On Facebook, a closed group called Challenge 22+ has many youngsters in Israel sending requests for membership for a 22-day guided tutorial on how to turn vegan.
“But not everyone qualifies,” says Tel Aviv-based food blogger Adi Cohen Simantov. In her early 40s, Simantov turned vegan a couple of years ago after joining the group, and now organises vegan cooking workshops in the bustling metropolis. “There are dieticians and experts who address any question you may have, but the network is very selective about who they let in. The shift towards eating vegan in the country has found strong adherents in the new generation, mostly for ethical and humane reasons,” says Simantov.
During a visit to Tel Aviv a few weeks ago, Simantov took us to Nanuchka, a vegan fine-diner serving Georgian food. The conversation soon veered towards the growing trend of veganism in the country. “Tel Aviv is at the centre of the vegan world. Every restaurant here has at least a couple of vegan options for each course,” she said.
But at Nanuchka, the options were endless. We were served pchalli (a combination of seven Georgian salads), kartufillani (pastry filled with potatoes and served with eggplant salsa), mushroom pirashki (dough stuffed with mushrooms) and vegan shawarma. For dessert there was chorche’lla, a traditional sweet dish from Tblisi. An enduring story here is about how the owner of Nanuchka, Nana Shrier, turned vegan to protest animal cruelty, and stopped serving meat at her restaurant from 2014. It was a brave step for an establishment that has been around for close to 14 years. The guests apparently responded with enthusiasm. “In fact, that has become our USP now,” says one of the servers.
Tel Aviv now boasts of over 400 vegan-friendly restaurants, of which a dozen are completely vegan — more than any in any of the big world cities. Cooking workshops teaching youngsters how to rustle up elaborate meals without using dairy or meat are also on the rise. Tel Aviv-based Phyllis Glazer, an American-born food journalist and author of several cookbooks, now holds vegan cooking workshops at home. As she prepares a five-course lunch in her kitchen, Glazer says, “Veganism has become big in Israel over the last three to five years, mostly in reaction to the killing of animals, but also because it is considered healthy,” she says, “We have come a long way from four decades ago, when veganism was rare and vegetarian food was considered odd.”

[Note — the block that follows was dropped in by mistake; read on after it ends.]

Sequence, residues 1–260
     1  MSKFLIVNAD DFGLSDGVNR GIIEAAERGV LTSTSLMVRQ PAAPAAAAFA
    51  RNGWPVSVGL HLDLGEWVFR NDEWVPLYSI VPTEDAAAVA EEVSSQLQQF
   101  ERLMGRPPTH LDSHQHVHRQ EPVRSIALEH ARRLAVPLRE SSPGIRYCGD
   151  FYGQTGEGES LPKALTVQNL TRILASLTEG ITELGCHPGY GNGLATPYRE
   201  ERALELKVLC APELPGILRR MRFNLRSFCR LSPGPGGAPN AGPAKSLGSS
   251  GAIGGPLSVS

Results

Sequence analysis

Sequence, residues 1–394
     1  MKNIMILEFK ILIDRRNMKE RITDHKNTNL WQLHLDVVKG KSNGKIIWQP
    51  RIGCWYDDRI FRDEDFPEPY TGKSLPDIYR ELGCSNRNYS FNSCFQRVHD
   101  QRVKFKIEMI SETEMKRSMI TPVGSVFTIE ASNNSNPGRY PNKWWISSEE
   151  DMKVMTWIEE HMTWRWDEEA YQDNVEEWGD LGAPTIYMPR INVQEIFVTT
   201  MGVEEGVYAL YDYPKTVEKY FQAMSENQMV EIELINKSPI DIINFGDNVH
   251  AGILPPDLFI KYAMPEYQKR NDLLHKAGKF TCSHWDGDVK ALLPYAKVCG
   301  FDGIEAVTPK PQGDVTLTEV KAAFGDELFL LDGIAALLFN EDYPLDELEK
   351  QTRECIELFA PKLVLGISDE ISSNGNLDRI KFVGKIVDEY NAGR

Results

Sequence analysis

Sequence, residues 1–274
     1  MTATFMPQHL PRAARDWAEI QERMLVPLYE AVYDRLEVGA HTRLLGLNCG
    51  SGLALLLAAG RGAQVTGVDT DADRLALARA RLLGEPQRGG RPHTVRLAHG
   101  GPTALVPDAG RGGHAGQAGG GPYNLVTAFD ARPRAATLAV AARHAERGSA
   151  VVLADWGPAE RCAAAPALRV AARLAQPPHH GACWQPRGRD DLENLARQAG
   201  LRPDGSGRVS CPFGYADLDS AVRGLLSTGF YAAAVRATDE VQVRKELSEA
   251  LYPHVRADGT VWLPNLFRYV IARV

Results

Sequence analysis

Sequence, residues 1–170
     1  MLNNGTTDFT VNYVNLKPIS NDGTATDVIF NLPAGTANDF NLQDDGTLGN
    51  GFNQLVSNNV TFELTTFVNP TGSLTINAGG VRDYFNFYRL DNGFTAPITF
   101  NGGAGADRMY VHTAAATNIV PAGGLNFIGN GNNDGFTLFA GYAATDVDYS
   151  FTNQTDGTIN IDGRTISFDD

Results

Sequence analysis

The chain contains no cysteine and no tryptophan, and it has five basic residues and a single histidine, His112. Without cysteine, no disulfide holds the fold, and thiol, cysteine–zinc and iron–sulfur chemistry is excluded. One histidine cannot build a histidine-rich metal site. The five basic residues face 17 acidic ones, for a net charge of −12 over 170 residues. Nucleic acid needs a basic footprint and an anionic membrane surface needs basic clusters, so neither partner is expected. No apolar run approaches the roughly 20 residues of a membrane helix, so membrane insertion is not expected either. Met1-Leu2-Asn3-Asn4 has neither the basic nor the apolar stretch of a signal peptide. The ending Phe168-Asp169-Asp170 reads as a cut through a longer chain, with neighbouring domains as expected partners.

Driving up north from Tel Aviv, towards Haifa, we made a stopover at Mitzpe Hayamim in Rosh Pinna, an upscale mostly-vegan resort atop a rocky mountain, surrounded by 1,500 hectares of man-made orchards, blossoming gardens and a large organic farm that provides fresh ingredients for the hotel’s kitchen and restaurants.
Chef Guy Lasnitzky, who puts together the vegan buffet at the hotel’s in-house restaurant for all three meals of the day, says that the place may be heavy on the pocket but is packed to the brim. “The guests here include those who want a detox vegan diet, pregnant women looking for a healthy holiday, and the ever-growing vegan population from Israel and parts of Europe and America,” he says.
Besides celebrity chefs like Glazer running cooking workshops in urban centres like Tel Aviv, some traditional households in the countryside have also opened up to teaching traditional vegan cooking to tourists. Amira, a 50-something housewife, who lives in Dalyat el Carmel, a quaint hill-town near Haifa, offered us cooking lessons and hosted us for lunch. It took her only about an hour to roll out five vegan Middle Eastern dishes using garden-fresh ingredients. A lunch comprising vine leaves, freekeh (smoked green wheat), tabouli, mnazaleh (eggplant and chickpeas in tomato sauce) and cauliflower sinye, besides stuffed eggplant and zucchinis — using simple seasonings like baharat spice mix (garam masala), tahini (raw sesame paste) and lemon.
Abigail Leichman, a journalist based out of Jerusalem, who has extensively written on the vegan movement in Israel, puts it in perspective.“Israel has a lot of groups that are active in educating people about eating vegan and about animal welfare. So if you want to turn vegan, you get a lot of peer support. Also, people here have realised that one can eat a totally plant-based diet that supports excellent health, while helping animals and protecting the planet”.
The local markets or shuks brim with fresh produce sourced from the farms; even Dominos launched vegan pizzas in Israel in 2013. Around 40 per cent of the population here in Israel has drastically reduced the usage of animal products. Another 8-10 per cent are vegetarians, while five per cent claim to be vegan, implying that the country has the highest per capita population of vegans in the world. Compare this to America, where only six per cent claim to follow a strictly vegetarian diet and less than three percent are vegan.
Incidentally, a week or two after returning to India, as we were trying to soak in the phenomenon of veganism in Israel, we came across a headline in the Jerusalem Post: “Veganism Set to Top Culinary Trends of 2018 With Israel at The Helm!” Yes, you bet!
The writer was in Israel at the invitation of the Israel Ministry of Tourism.
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